Johnson's government dismisses that as "project fear," and insists the country is well prepared to crash out of the EU.

Simon Bates on suspending Parliament 02:17

More ideologically, those who oppose leaving the EU without an agreement argue that the British public wasn't given an honest assessment of its choice in the run-up to the Brexit referendum of 2016. The pro-Brexit campaign, which Johnson himself led, always insisted that agreeing the terms of a divorce with the EU would be a simple task. It has proved to be anything but.

Britons, the pro-remain and anti-no-deal crowd argue, never voted to cut ties with the 28-nation bloc without the new terms of their future relationship being made clear.

Johnson and his close group of hardline Brexit allies in the government argue, however, that the people have spoken; they voted in 2016 to leave the EU, and now that vote must be honored, come hell or high water.

How United is the Kingdom?

There are also complicated implications for the future cohesion of the United Kingdom if a no-deal Brexit comes to pass. Britain is actually four unified nations; England, Scotland, Wales and Northern Ireland.

Support for a second independence referendum in Scotland, where a majority opted to remain in the EU in 2016 is believed to have grown since that original vote. Two years before that Brexit referendum, Scots voted to stay in the U.K. in a separate, national referendum (yes, they seem to have become a trend over here).

The outcome of a potential second independence referendum in Scotland is far from certain, but calls for one to happen are mounting.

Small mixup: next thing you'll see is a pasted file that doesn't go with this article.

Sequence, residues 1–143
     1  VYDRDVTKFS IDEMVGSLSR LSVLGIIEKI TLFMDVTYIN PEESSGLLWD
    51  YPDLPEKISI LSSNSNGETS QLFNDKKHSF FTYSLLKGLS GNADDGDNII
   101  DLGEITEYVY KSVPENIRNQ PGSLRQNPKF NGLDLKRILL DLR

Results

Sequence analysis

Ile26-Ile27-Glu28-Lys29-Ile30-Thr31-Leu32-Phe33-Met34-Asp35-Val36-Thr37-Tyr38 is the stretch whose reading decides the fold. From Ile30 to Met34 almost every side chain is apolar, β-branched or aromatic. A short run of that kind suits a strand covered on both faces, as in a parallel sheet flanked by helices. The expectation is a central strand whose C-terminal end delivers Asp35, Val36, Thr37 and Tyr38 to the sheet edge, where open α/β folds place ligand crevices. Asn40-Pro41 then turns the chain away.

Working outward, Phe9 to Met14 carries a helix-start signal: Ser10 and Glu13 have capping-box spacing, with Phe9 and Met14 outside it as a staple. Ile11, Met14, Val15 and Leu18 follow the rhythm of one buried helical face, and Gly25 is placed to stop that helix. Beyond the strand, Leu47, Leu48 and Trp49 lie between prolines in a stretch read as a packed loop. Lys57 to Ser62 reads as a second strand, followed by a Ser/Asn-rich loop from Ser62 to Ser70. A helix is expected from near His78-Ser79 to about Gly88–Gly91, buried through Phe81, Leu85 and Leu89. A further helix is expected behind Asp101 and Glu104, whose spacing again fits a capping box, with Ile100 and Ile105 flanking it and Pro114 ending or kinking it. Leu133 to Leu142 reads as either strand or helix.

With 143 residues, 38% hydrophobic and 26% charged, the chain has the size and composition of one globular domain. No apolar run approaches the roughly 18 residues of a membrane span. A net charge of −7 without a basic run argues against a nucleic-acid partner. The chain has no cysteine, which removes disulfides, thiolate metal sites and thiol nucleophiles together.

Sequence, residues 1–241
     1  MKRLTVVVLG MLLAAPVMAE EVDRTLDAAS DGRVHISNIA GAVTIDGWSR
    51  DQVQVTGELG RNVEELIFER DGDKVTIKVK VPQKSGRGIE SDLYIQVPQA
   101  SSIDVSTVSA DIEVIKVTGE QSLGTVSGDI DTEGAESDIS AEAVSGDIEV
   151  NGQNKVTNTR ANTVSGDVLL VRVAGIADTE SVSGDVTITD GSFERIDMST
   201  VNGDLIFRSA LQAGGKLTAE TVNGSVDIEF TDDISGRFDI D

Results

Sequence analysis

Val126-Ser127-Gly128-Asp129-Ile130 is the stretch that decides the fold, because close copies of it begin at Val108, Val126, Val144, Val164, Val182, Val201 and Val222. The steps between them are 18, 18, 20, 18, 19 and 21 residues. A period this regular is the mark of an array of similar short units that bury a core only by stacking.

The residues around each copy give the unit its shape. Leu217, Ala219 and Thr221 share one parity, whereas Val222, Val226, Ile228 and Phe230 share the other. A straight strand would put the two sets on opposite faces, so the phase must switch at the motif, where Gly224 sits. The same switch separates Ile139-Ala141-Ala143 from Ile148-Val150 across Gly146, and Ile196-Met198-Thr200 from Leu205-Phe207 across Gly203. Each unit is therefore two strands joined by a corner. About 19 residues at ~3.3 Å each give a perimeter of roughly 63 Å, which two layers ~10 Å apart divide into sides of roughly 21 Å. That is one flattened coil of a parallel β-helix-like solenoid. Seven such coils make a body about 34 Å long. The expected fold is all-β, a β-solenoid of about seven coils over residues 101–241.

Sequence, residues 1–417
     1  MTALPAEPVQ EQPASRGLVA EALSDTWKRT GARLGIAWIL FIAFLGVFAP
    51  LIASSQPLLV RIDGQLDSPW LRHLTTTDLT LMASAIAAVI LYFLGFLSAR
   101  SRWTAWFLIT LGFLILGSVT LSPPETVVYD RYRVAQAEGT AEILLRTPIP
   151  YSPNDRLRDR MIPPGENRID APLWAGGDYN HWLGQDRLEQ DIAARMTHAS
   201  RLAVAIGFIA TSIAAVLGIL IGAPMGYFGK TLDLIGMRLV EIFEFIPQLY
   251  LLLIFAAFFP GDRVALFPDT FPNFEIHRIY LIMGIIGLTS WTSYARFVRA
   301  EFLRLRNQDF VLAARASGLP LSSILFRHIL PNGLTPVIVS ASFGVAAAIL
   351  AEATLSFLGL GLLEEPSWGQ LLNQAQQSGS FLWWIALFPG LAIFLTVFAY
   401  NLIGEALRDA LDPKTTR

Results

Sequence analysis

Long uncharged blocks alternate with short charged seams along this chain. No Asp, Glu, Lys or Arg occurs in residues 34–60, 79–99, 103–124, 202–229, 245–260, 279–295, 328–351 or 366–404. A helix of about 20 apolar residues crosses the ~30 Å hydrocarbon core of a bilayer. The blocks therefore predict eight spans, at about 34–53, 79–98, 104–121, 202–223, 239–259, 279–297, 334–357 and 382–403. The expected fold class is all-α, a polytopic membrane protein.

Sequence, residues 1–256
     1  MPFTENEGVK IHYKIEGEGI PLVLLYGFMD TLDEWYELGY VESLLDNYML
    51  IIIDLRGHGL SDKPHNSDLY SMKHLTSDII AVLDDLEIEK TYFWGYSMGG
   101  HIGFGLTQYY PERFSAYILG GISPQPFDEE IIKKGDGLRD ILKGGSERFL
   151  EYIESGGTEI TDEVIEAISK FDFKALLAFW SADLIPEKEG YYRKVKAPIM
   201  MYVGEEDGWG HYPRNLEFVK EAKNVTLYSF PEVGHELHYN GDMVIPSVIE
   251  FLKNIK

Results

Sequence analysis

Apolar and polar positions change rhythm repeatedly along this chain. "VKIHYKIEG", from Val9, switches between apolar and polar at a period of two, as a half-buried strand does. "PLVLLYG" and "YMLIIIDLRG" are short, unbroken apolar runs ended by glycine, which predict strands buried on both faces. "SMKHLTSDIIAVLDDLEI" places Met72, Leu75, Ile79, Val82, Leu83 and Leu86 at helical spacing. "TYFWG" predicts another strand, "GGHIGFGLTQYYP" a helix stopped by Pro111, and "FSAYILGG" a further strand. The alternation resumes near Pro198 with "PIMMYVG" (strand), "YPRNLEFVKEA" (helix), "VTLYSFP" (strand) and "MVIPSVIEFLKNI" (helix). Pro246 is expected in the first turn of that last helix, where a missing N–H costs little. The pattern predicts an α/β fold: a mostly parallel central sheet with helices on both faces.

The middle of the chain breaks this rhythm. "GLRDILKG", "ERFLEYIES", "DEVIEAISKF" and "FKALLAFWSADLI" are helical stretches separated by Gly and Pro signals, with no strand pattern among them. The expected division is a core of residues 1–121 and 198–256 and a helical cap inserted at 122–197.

Then there's Northern Ireland. The British territory is the only U.K. soil that has a land border with the EU, as the Republic of Ireland is an independent nation and EU member state. The Good Friday Agreement of 1999 ended years of bloody sectarian conflict and opened the Irish border up for smooth traffic.

In the 20 years since, many people have built their lives and businesses around their ability, and the ability of goods they buy and sell, to pass between the two countries without friction.

The EU is adamant that any Brexit agreement with Britain must include a so-called "backstop" provision, designed to ensure the Irish border stays open even if negotiations between the U.K. and Brussels drag on for years.

Johnson and other Brexiteers say the way the backstop is crafted, it would effectively keep Britain beholden to EU regulations if no broader agreement was reached. That qualm blocked approval in Britain's Parliament of the draft agreement reached by Johnson's predecessor with Brussels.

There's has been no indication yet that the EU is willing to renegotiate the backstop.

If Brexit goes ahead with no deal, it would mean re-institution of at least some security checks on the Irish border, as all goods and people would suddenly be subject to customs and immigration inspection. That, many fear, could rekindle tensions still simmering just beneath the surface.